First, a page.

Full disclosure: that synopsis is a cop out. There’s so much more going on than what I’ve outlined, so many secondary characters that may not have as much page-time but are nevertheless integral to what is occurring, and what is occurring is a swirling stew of political and socioeconomic happenings that incorporate amazements such as mindships (sentient creatures, handled by a rare breed of especially gifted – and fiercely independent – human pilots, which provide interstellar transportation by, in effect, biting passengers and injecting them with a kind of coma-inducing toxin), and strict societal norms that govern everything from honorifics to “kinship contracts” (of which marriage is only a tiny, almost insignificant part) to what one wears, where one goes and even what pins or ribbons should or should not be added to lapels or belts. This is a world where not only the physical and the emotional aspects of life need to be taken into account, but also the telepathic and the empathetic aspects, with all their rules and dictums and civilities…. like I said, it’s complicated.
And it’s wonderful.
But to dig a little bit further: why is such a complex and elaborate narrative so good? Because it all fits. It works. Even without understanding every bit of it, it feels coherently whole without having to manufacture bits to explain other parts, or work really hard to attempt to have it make sense. It may not be intuitive, but it makes sense.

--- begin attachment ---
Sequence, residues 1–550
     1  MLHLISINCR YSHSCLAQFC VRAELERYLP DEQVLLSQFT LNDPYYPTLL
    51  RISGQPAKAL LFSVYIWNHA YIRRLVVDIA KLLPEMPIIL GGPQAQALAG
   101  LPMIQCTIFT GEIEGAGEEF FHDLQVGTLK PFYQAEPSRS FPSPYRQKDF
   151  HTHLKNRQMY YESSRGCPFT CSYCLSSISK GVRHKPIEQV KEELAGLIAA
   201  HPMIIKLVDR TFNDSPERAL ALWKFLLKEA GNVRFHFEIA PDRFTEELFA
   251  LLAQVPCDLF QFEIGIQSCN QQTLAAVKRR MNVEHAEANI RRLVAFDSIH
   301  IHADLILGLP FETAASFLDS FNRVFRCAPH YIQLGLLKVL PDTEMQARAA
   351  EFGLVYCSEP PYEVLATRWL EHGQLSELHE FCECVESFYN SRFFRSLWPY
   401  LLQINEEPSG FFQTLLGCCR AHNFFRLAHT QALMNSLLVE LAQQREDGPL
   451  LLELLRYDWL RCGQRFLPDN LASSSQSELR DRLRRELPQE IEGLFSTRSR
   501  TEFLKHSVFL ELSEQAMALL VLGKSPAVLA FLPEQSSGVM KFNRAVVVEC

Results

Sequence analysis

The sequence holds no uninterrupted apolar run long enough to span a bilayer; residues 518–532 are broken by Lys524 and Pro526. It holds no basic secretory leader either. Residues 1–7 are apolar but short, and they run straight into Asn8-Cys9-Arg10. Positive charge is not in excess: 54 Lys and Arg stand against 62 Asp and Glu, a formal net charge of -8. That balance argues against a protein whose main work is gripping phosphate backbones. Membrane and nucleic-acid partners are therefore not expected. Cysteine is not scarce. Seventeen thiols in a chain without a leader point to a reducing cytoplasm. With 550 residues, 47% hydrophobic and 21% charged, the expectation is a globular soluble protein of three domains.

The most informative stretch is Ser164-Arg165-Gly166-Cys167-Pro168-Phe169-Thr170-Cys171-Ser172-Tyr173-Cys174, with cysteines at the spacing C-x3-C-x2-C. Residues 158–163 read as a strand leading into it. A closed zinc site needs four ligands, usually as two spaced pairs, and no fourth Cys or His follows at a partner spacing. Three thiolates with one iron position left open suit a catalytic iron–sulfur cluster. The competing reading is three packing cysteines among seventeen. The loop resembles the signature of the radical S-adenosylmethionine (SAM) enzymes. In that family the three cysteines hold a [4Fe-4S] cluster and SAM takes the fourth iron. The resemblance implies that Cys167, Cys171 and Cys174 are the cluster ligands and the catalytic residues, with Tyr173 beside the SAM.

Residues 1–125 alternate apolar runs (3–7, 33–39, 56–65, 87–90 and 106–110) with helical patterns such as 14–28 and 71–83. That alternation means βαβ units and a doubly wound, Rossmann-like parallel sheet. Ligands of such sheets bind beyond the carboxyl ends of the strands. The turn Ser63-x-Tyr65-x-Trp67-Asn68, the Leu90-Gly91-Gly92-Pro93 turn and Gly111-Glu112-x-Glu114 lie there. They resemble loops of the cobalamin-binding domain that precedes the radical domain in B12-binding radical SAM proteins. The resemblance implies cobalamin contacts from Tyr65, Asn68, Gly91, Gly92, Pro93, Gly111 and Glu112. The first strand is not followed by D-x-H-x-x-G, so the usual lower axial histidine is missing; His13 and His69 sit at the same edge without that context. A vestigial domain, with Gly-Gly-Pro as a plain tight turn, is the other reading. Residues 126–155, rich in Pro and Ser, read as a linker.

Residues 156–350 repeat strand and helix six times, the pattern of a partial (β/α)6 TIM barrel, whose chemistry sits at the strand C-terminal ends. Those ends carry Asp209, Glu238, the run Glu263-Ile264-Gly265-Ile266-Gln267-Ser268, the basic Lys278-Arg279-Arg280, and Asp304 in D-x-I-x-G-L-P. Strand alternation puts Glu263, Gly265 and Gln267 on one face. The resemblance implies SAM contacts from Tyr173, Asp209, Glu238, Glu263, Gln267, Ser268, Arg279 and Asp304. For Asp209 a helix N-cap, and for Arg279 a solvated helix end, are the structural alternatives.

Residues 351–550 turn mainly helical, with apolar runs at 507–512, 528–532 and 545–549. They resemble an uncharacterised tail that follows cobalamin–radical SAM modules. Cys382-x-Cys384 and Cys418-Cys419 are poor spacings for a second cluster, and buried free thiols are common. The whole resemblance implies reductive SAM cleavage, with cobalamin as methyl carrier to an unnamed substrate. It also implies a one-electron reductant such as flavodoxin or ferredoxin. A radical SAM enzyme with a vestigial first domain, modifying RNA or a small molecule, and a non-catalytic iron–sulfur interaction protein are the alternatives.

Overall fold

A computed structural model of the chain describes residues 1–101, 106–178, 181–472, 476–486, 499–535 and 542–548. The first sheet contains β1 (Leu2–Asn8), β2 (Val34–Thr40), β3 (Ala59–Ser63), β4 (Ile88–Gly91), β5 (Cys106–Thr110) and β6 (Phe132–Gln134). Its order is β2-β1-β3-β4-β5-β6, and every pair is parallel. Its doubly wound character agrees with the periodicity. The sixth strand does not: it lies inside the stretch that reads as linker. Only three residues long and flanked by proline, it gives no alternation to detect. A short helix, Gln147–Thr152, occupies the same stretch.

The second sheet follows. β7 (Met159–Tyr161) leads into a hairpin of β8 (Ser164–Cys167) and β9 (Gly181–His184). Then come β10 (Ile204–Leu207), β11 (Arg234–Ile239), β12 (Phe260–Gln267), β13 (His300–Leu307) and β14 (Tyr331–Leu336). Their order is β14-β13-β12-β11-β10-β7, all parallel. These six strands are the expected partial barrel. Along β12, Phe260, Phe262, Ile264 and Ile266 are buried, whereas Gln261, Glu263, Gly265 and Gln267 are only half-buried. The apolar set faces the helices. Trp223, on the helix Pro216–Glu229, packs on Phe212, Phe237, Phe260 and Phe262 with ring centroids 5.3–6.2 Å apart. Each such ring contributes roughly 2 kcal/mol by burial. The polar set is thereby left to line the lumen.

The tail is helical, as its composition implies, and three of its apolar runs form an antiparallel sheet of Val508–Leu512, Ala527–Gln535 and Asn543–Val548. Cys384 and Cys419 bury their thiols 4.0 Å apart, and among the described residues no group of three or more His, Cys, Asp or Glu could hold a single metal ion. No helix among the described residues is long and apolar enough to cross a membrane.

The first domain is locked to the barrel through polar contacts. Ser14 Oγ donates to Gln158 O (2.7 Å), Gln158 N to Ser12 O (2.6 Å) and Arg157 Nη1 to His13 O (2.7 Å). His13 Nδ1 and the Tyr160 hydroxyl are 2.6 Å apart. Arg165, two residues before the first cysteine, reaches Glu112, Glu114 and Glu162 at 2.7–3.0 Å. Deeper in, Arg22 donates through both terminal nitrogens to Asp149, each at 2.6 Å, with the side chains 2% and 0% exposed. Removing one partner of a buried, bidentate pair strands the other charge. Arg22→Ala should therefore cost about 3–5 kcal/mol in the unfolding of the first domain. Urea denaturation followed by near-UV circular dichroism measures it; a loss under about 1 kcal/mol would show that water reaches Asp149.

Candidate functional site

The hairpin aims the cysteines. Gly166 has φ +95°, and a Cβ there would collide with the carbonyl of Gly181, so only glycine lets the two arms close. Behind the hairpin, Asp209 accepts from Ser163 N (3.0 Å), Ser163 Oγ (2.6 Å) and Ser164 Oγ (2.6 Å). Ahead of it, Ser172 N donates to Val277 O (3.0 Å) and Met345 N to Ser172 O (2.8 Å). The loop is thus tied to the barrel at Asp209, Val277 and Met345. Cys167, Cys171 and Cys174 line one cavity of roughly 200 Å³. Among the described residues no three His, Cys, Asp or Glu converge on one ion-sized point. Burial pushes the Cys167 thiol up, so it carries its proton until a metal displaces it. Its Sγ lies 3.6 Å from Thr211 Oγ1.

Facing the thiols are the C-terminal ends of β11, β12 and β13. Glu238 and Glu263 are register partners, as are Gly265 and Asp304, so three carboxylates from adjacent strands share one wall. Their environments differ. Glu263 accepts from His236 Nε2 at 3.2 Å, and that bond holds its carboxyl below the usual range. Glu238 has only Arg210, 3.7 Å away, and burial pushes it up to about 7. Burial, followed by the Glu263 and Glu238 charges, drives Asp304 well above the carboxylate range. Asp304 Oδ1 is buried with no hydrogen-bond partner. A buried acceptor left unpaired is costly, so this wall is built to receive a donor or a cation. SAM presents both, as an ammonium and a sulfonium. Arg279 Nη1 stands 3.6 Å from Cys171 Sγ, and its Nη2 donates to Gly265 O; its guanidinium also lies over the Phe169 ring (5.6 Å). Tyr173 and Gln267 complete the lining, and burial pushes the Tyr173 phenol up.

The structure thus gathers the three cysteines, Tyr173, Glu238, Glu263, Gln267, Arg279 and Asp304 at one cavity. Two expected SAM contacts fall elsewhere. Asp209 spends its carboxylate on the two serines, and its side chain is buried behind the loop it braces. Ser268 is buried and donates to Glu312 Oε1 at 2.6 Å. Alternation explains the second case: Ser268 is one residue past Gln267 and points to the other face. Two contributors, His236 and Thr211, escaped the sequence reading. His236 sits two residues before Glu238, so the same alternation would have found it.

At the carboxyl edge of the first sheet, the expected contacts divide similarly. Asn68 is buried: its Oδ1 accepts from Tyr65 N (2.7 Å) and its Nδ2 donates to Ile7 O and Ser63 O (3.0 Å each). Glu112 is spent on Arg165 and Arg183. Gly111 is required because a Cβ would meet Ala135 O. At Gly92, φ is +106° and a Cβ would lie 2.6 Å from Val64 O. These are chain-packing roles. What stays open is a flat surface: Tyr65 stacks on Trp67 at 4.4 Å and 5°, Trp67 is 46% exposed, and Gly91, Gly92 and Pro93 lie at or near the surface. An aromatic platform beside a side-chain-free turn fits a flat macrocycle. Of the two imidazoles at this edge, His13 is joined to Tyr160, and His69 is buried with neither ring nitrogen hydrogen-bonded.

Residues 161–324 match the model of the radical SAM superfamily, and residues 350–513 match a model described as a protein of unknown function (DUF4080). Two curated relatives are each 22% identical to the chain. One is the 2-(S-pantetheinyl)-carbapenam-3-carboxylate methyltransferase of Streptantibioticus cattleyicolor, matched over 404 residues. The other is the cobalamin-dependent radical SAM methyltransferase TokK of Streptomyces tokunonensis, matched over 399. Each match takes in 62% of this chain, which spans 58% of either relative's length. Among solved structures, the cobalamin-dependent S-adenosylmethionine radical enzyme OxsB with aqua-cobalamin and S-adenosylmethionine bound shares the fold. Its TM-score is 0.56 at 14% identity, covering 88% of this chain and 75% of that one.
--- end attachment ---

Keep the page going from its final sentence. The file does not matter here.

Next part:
And whereas other authors would spend an extraordinary amount of time building explication into their story, Karen Lord doesn’t spend time explaining much to us. If a character is learning something, we learn something along with them, but if it’s something they intrinsically understand, then we are meant to simply learn off their cues. (Such as when Ntenman makes fun of Rafi when he unknowingly commits what feels like a country bumpkin faux pas in highly structured Punartam society – we learn along with Rafi just why what he’s done is considered embarrassingly naive; without Ntenman’s reaction, we would have no indication the depth of the social relationships that exist.)
So we get the sense that we have actually entered this world in which we are strangers. It’s not a tale being crafted for our sensibilities, it’s a world – or worlds – into which we have slipped, and we have to learn from observation, not explanation. Sometimes it’s bewildering, yes, and often we have to hold situations and reactions – even on the part of the main characters – in abeyance before we can make sense of them. But with the thoroughness of Ms. Lord’s imaginings, it’s an exhilarating experience.
It wasn’t until after I had read the book that I came to realize it actually had a kind of precursor novel in Karen Lord’s 2014 work, The Best of All Possible Worlds. While The Galaxy Game is not a sequel to this earlier book, it apparently does have some of the same characters and employs the same universe. According to some reviewers, reading The Best of All Possible Worlds makes The Galaxy Game more… understandable.
Doesn’t matter. To push a metaphor, reading The Galaxy Game is a journey worth taking, even if you can’t read the roadmap that tells you where you’re going. Just sit back and enjoy the scenery, and eventually not having a destination won’t matter anymore. It’s all good.
And with The Galaxy Game, it is indeed all good.